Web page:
Environmental art environments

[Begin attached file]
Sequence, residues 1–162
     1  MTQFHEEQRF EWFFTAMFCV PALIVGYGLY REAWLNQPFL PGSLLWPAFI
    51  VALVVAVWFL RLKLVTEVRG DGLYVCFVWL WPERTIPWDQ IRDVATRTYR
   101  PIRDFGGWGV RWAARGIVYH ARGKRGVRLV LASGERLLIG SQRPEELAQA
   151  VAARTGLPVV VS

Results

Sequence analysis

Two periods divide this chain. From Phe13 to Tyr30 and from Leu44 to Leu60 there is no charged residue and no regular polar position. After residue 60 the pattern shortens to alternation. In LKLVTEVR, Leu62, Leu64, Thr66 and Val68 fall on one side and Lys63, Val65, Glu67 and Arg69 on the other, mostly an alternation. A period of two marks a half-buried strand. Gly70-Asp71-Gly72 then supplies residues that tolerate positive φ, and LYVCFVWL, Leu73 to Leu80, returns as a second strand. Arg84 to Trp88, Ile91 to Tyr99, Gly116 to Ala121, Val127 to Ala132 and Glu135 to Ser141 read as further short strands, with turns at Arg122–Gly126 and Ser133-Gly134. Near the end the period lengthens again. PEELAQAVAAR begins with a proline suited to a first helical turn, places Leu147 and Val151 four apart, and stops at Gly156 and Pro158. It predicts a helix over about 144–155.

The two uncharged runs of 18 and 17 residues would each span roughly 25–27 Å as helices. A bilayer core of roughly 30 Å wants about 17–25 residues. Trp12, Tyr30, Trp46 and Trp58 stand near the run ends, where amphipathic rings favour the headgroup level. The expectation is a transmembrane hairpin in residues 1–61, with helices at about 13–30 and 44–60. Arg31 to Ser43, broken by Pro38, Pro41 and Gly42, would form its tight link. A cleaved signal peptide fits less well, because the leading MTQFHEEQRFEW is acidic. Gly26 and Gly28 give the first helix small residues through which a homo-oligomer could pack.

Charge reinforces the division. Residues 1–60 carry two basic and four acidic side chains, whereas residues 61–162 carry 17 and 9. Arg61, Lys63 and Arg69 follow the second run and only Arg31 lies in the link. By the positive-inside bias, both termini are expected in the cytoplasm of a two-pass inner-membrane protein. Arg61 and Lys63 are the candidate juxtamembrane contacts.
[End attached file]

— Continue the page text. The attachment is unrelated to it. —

Large-scale outdoor art, it is large enough for viewers to enter and move about, and experience first hand as well as observe. Environmental Art was introduced in the late 1950s as a part of the breaking down between barriers of art and life. An early example of Environmental Art was "Store" by Claes Oldenberg (1961-1962). He rented an actual store, made 'saleable' goods in the back room, marketed plaster and cloth sculptures in the front, and displayed his 'wares' in the display window. One of the most spectacular 'environments' was done by Andy Warhol who did a room of floating, helium-filled pillows. One wall was covered silk screened with cow-image wallpaper. Other Environmental Artists are Louise Nevelson who did bas reliefs that covered entire walls; Herbert Ferber who built sculpture rooms; Les Levine who covered room spaces with mylar; and Dan Flavin who created 'rooms' of flourescent light. Mark di Suvero built huge constructions from junk material that people could climb on; Tony Smith made space-frame structures for the Corcoran Gallery and the 1971 World's Fair in Osaka. Sources: "The Britannica Encyclopedia of American Art"; "Phaidon Dictionary of Twentieth Century Art"